We've been through a lot these past four years. Even though there now may be a glimmer of hope at the end of the political tunnel, the distance we've trudged has left many feeling exhausted.

That sense of fatigue is more intense among immigrants and people of color who've been subjected to overt discrimination and violence during the Trump era, which is why the new podcast, Many Roads to Here, feels so essential. The joint project between Portland-based nonprofit The Immigrant Story and the Portland Radio Project provides a channel for immigrants to recount their journeys to the U.S. in their own words.

In 2017, Immigrant Story founder Sankar Raman began collecting the narratives of people who decided to uproot their lives and move here in order to foster empathy and understanding. In October, he found a way to give those subjects a megaphone by launching the audio series.

"These stories needed to be shared, to showcase what our country is made of, who we are and what makes us great," Raman says.

Following the results of the presidential election, WW caught up with Raman to discuss how a new administration might affect the immigrants' rights movement, what motivated him to start the podcast, and why it's so important to create a space for immigrants to take the narrative surrounding them back into their own hands.


WW: What sparked the idea to launch The Immigrant Story in the first place?

Sankar Raman: It was about four years ago when I was kind of retiring. After finishing a bit of traveling, I came back to Portland right in the thick of an election that was really bad for immigrants—and especially immigrants of color. The election started with rhetoric that Mexicans, and humans of color in general, were rapists and murderers. It became the central theme—how immigrants were made into a scapegoat.

I started to hear about a lot of bad, violent things happening from our community, especially on Inauguration Day. I thought how we have to do something about this when our space is becoming full of violence, hate rhetoric and all those things geared towards certain segments of people. You could throw in so much statistics and data to try to counter the narrative, but I thought it would be great to just spread empathy by telling stories. It's really about humanizing these immigrants in our community by telling their own personal stories.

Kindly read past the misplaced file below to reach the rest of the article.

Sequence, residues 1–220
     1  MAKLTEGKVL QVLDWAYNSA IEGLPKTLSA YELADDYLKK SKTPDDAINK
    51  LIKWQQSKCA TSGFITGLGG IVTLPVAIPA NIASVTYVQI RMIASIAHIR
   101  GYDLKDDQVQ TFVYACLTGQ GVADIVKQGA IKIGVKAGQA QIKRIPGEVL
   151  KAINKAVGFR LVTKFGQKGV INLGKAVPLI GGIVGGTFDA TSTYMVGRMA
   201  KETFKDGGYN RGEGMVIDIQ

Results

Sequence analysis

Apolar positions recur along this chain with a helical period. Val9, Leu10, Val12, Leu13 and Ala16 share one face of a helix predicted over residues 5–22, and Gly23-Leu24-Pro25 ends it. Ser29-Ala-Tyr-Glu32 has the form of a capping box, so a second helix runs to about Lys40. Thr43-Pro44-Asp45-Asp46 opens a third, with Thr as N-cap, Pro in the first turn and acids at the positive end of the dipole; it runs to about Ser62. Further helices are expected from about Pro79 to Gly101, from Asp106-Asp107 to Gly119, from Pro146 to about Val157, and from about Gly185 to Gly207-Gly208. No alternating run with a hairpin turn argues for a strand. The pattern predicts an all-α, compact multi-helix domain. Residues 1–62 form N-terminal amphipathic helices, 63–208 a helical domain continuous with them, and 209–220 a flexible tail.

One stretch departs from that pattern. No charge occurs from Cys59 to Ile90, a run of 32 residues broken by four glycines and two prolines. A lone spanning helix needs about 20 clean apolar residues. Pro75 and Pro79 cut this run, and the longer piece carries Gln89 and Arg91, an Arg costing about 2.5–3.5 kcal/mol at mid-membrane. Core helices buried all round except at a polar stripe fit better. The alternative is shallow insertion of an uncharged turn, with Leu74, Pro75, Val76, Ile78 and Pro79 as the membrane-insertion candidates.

Has anyone expressed concern about sharing their story because it will shine a spotlight on them?

Yeah, absolutely. At the height of [the Deferred Action for Childhood Arrivals debate, U.S. Immigration and Customs Enforcement] was targeting families, they were targeting people. We'd say, 'Hey, do you want to remain anonymous? Do you want to talk about this? Do you feel comfortable?' Some people take comfort in telling their story because they want to be heard. Then, we'd ask them if they're going to be OK—what happens if ICE figures out [their identities] through names and photographs? There are cases where we have pulled down stories because they're afraid because their application processes are going through or they are seeking political asylum and they don't want to be in the public record. There are a lot of reasons like that, so we are very sensitive to this and really want to make sure their safety is taken care of.


Do you think the extra attention that's being given to immigrants' rights and other social movements will begin to wane because Trump won't be in office anymore?

I was thinking this, too. It's daunting, right? It's so daunting to think about it this way. Who is actually collecting the data on the number of things the outgoing administration did with respect to social justice, immigration and things like that, right? There are hundreds of things we were making progress on that were moved back. With social justice, we are making baby steps, we are making progress. That's a faith I have in the system.


I worry that regular citizens who have been more socially active this year may feel like they don't have to fight as hard anymore.

My personal observation, locally anyway, is that it's going to stay the way it is. I think that's an added benefit of coming out of a summer of protest. If it doesn't, somebody has to slap everybody and remind them, 'Hey, remember when we all came together, and how we have to keep it up?' Sometimes we need to just remind ourselves about the fact that it worked very well, and it'll continue to work very well.

LISTEN: Many Roads to Here broadcasts at 99.1 FM on the first Sunday of every month. 4 pm. Episodes are also available on demand at theimmigrantstory.org/manyroads.